This is the first post in a series on growing up rural.
The other day, I was in a classroom showing middle schoolers how to create their own websites. The websites will be used to give them an outlet to write about things they are interested in as well as a fun way for them to showcase class projects.
Middle school is an interesting age range. The kids are beginning to develop opinions and some of them are quite sassy. Personally, I love working with middle school because this is the age where kids minds really begin to open up and their gritty nature provides a challenge I find invigorating.
As we began the activity, I saw the normal disinterest you see in kids of this age. If you could hear their thoughts, I’m sure they would be something like, “Oh great, another adult, telling me stuff I don’t care about.” This is where the fun challenge happens for me because I get to be something other than what they’re expecting. I get to be someone who challenges their stereotypes about grown ups.
My instincts kicked in and I said, “Did you know you can actually make a living creating websites?” They perked up immediately and began asking questions about being a web designer. I was instantly transformed from a teacher, to a person. They were engaged and interested and we had successfully tied a class assignment to college and career, without them even realizing they were now learning the things I was there to teach them.
I told them I had gone to Chico State and learned how to build websites and that I had been doing so for about 15 years. We were on a roll and it was wonderful! As we were engrossed in discussion, one of the kids in the back of the class shouted out to the teacher, “HOW did you get HER to come to OUR class?” He was emphatic; blown away by the fact that they had someone in their classroom talking about a career path they didn’t think existed in their rural town. It was as if something impossible had just happened.
Teachers are some of the most interesting people I know. They have stories that bring meaning and relevance to learning, which makes things really fascinating for kids. I attended a workshop on this topic several years ago. The presenter spoke at length about the power of teachers allowing their students to see them as people. Imagine how wonderfully engaging it would be if we were able to tie a lesson to a life experience. It suddenly becomes real for kids and because of that, it means something to them.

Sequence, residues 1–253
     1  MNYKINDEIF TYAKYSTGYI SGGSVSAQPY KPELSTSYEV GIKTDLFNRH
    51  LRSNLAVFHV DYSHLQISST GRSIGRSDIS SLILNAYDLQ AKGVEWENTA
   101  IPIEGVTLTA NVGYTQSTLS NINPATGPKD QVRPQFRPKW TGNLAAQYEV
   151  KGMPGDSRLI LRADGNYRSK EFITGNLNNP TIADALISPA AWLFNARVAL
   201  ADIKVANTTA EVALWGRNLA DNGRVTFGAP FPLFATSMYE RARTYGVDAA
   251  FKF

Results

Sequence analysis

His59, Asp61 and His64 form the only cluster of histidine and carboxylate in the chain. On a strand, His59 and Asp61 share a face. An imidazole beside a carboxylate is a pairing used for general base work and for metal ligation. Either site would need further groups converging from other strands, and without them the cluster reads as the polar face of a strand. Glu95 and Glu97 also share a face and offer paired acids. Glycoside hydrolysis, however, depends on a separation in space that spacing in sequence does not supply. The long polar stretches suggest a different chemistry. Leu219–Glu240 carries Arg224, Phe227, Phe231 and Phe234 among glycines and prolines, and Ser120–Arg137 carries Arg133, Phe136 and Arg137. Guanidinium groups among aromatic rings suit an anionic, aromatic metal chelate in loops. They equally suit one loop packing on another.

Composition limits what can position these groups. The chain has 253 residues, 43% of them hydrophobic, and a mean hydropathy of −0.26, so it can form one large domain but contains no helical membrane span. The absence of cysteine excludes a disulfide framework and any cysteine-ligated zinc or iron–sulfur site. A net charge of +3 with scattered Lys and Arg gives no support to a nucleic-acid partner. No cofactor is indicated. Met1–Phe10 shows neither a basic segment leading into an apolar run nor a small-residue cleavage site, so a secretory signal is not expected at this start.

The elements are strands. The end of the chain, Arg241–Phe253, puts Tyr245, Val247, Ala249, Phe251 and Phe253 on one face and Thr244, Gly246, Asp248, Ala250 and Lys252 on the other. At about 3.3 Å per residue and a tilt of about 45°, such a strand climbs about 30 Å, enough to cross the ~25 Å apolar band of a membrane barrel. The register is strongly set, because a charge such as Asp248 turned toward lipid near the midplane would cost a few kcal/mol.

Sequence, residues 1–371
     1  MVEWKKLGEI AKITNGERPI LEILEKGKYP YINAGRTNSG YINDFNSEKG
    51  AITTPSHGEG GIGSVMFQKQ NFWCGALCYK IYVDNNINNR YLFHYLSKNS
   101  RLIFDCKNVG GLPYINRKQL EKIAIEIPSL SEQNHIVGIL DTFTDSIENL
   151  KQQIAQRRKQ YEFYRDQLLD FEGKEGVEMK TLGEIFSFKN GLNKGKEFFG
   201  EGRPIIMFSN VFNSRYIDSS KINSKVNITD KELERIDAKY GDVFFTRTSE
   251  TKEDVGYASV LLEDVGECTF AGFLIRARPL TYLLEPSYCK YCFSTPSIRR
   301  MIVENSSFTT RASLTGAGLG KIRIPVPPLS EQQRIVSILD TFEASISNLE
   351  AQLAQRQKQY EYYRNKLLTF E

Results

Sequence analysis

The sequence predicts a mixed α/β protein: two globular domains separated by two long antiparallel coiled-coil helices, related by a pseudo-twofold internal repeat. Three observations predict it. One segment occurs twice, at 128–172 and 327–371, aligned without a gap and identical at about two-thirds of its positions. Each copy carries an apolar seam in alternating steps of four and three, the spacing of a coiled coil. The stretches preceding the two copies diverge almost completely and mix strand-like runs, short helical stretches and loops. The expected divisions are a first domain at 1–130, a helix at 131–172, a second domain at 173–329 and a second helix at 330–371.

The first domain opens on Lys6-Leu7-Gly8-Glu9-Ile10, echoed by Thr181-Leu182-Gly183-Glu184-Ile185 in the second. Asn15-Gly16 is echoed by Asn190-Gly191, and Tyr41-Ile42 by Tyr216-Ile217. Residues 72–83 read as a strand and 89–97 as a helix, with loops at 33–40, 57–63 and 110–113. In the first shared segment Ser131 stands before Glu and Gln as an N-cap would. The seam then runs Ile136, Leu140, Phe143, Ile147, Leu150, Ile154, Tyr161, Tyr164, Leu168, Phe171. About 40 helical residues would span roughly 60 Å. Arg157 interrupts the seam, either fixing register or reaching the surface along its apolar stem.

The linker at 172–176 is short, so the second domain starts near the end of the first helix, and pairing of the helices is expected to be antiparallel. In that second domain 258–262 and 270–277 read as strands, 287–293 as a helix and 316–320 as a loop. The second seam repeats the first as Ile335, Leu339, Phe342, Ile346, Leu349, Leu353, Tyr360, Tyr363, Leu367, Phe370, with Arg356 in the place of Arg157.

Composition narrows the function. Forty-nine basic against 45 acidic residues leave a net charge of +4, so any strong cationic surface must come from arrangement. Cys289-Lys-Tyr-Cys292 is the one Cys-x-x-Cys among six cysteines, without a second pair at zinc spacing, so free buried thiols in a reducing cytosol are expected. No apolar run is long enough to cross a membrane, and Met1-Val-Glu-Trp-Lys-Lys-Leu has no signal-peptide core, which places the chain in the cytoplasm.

The comment the kid shouted out from the back of the class stuck with me in a big way, and it helped me to realize that we have the opportunity to do something really groundbreaking, especially for rural kids. We can introduce them to local people, doing things they assume are not possible in their community. Things they would never think of being attainable, because of where they live. Too many of our nation’s rural youth know poverty, not opportunity. For many of them there is no world beyond what they know and the job options they are aware of are extremely limited. I believe offering access to tangible examples of a world beyond poverty is a highly effective starting point to addressing these issues in rural America.
Since that day in the classroom, I’ve been asking kids and adults about their perceived career options, given that they live in Tehama County. The responses have been enlightening, to say the least. Did you know that we have a graphic designer here who just completed an album cover project for a music superstar and legend? Heather Vine is an amazing example of what’s possible for rural youth when someone takes the time to tell them they can stay here and enjoy the career of their dreams.
In talking with Heather about how she got where she is today, she told me about the teacher who told her, “Sure, you can go out there and get a great job in the city working as a graphic designer…or, you can stay here and work for yourself and be the best designer in your area.” She did, and because of that teacher’s words and Heather’s dedication to pursuing her dream, she has enjoyed an extremely successful career as a designer in Tehama County. Heather noted that it was her teacher who made it possible for her to believe she could stay in the place that she loved and pursue the career of her dreams.
There are so many people right here in Tehama County like Heather. Sharing stories like this and others with rural kids gives them something priceless. It gives them a chance to pursue an exciting and fulfilling life, right here in their hometown. I have a deep admiration for teachers and the school leaders who empower them to make this kind of magic happen for kids and I’m grateful that I’m able to work with them regularly as I pursue my own dream of staying in Tehama County to make a difference in education. Teachers have the power to help our children see that there is hope, that they have options and that they can lead successful and fulfilling lives doing something that they love.
If you, or someone you know is doing something local that’s unexpected, something that would inspire students to dream of an amazing future, leave a comment below. Teachers can use your stories to inspire students to dream big and be excited about the wide open options their future holds.